Mattis: NATO is Evolving in Response to New Strategic Reality
NATO arose out of strategic necessity and the alliance must evolve in response to the new strategic reality, Defense Secretary Jim Mattis said today during a press conference after a meeting of defense ministers at NATO headquarters in Brussels.
Mattis is traveling in Europe this week on his second international trip as secretary. After leaving Brussels, Mattis will travel to the Munich Security Conference in Germany where he will hold a series of meetings with key international counterparts.
During the press conference the secretary said he and the ministers had considered in detail the strategic situation facing the alliance.
“We thoroughly discussed the increased threats facing our alliance and, unified by the threats to our democracies, I found strong alliance resolve to address these growing threats,” Mattis said, adding that his message to fellow ministers was simple: “Our community of nations is under threat on multiple fronts as the arc of insecurity builds on NATO's periphery and beyond.”
The secretary said the burden-sharing message he delivered -- that more NATO members must contribute 2 percent of their gross domestic product to the alliance -- was expected and well received.
Among NATO’s security challenges, Mattis said, are new threats such as those in the cyber domain, and Russia’s aggressive actions, which are destabilizing and have violated international law.
Russia must “live by international law just like we expect all mature nations on this planet to do,” he said.
The United States and Russia “are not in a position right now to collaborate on a military level,” Mattis added, “but our political leaders will engage and try to find common ground or a way forward where Russia, living up to its commitments, will return to a partnership of sorts here with NATO.”
Russia will have to prove itself first, he said, and live up to commitments made in the Russia-NATO agreement.
According to NATO, the relationship between Russia and the alliance is governed by the Founding Act on Mutual Relations, Cooperation and Security, agreed by to NATO allies and Russia in 1997 and reaffirmed at NATO-Russia summits in Rome in 2002 and in Lisbon in 2010.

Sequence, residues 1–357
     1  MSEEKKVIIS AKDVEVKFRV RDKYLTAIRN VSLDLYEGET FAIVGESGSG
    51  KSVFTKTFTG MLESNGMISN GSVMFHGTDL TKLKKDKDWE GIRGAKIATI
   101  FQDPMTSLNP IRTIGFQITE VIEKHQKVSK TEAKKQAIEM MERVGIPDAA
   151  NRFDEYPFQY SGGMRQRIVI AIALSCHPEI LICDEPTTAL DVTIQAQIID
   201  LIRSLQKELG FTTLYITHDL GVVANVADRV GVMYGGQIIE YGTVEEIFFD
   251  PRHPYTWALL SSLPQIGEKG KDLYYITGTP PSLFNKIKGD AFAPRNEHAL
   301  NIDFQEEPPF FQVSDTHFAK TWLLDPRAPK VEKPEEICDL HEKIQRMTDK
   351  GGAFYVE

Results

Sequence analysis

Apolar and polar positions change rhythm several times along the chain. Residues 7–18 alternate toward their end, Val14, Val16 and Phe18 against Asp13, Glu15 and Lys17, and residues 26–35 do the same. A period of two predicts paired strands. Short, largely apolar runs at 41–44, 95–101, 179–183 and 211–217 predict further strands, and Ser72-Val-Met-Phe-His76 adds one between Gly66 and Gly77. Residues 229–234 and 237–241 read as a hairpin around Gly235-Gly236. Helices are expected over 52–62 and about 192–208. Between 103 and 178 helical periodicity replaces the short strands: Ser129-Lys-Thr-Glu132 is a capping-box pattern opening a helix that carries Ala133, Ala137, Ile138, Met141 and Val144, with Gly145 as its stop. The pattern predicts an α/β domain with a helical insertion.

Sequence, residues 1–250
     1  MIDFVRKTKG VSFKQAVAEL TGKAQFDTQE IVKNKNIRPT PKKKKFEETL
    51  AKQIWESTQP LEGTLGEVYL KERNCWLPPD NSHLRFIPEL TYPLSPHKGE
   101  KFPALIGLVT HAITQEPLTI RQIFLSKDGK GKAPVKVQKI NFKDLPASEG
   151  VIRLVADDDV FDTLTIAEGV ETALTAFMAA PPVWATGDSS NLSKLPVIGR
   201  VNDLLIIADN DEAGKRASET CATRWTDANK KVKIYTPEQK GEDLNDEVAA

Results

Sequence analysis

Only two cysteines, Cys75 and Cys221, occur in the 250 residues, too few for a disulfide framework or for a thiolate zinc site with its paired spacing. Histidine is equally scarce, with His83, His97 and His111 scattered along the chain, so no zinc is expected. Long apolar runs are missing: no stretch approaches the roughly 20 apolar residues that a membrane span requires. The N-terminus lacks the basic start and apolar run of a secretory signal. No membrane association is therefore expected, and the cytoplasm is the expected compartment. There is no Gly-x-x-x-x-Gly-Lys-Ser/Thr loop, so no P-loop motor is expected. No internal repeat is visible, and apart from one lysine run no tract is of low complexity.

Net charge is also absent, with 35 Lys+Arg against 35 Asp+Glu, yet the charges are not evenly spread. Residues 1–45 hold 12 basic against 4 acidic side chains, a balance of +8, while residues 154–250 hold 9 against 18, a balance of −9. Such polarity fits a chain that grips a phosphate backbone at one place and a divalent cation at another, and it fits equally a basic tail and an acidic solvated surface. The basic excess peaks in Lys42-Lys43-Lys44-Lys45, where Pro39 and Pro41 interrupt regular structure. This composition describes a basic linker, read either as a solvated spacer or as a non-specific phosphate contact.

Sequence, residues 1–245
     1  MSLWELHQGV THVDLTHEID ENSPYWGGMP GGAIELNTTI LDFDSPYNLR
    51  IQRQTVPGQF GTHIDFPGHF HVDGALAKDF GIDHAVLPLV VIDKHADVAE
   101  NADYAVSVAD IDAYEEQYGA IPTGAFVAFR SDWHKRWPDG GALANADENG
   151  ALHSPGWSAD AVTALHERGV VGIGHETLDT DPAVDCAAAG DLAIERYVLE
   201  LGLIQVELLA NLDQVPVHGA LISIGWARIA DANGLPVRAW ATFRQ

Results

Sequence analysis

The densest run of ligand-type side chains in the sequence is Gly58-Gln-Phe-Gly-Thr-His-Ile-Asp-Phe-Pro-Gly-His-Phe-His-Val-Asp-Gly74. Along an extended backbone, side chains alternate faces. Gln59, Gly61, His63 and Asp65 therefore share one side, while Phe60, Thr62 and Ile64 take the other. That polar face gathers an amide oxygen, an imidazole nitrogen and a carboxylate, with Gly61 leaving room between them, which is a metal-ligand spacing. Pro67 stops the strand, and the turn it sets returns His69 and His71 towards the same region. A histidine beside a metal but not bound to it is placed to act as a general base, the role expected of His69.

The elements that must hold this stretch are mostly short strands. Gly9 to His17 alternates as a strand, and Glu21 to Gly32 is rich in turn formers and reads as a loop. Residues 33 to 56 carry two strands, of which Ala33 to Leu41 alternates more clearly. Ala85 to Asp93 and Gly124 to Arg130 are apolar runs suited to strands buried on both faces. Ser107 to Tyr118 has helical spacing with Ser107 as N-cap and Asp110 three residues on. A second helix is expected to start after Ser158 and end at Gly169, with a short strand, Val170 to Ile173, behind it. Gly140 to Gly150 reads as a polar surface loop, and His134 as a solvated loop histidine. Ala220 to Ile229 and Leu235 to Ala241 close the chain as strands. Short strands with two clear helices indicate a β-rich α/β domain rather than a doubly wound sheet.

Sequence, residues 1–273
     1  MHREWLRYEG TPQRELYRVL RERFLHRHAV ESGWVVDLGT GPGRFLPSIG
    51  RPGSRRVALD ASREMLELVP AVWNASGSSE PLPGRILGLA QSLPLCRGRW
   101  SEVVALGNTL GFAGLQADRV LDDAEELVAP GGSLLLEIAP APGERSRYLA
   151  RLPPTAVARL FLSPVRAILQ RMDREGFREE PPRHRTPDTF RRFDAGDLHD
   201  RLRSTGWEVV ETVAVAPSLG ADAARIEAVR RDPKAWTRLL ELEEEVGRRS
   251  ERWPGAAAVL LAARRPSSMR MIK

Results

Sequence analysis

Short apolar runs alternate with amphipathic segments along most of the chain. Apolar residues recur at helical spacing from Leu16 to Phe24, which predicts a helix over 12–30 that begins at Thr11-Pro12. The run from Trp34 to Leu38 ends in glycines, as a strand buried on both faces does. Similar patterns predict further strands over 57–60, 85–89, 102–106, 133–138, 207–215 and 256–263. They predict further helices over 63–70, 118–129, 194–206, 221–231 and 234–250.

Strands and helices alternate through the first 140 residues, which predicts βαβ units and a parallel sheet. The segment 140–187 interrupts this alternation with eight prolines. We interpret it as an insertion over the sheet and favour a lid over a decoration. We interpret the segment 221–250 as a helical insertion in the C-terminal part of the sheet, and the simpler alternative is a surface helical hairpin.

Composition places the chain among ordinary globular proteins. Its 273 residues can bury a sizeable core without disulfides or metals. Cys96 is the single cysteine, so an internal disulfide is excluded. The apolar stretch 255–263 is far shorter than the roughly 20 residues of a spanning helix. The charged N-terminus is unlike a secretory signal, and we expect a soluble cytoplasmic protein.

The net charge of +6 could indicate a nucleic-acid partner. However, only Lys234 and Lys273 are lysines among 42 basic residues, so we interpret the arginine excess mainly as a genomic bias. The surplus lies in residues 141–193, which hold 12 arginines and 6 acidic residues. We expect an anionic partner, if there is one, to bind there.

The act says that NATO will carry out its collective defense and other missions and may reinforce infrastructure against a threat of aggression and for exercises. Russia, the agreement says, will exercise similar restraint in its conventional force deployments in Europe.
Mattis said other challenges include terrorism emanating from the Middle East and North Africa and that he called “a direct and immediate threat to Europe and to us all.”
In response to such threats, the secretary said, NATO is reinforcing deterrence and defense and adapting to more directly address terrorist threats along its southern flank from the Mediterranean to Turkey.
“The alliance faces not only these strategic realities but also political realities,” Mattis said.
“I depart here confident that we have an appreciation of the burden sharing that we must all sustain for deterrence, peace and prosperity. I am optimistic the alliance will adopt a plan this year, including milestone dates, to make steady progress toward meeting defense commitments in light of the increased threats that we all agree that we face,” he added.
Nations that already have met the two percent defense spending commitment are Estonia, Greece, Poland and the United Kingdom.
“These countries are leading by example, making real sacrifices,” Mattis said. “All allies recognize that they are benefiting from the best defense in the world so I'm optimistic that all nations are on a steady path to reach the level of commitments made at the Wales and Warsaw summits.”
The transatlantic bond built on common values remains very strong, the secretary added.
“I see here in Brussels a quickened purpose in this alliance and a profound determination to stand together and honor our commitments to each other, Mattis said. “I have confidence that we will sustain the legacy we've inherited and do what is necessary to defend our freedom.”
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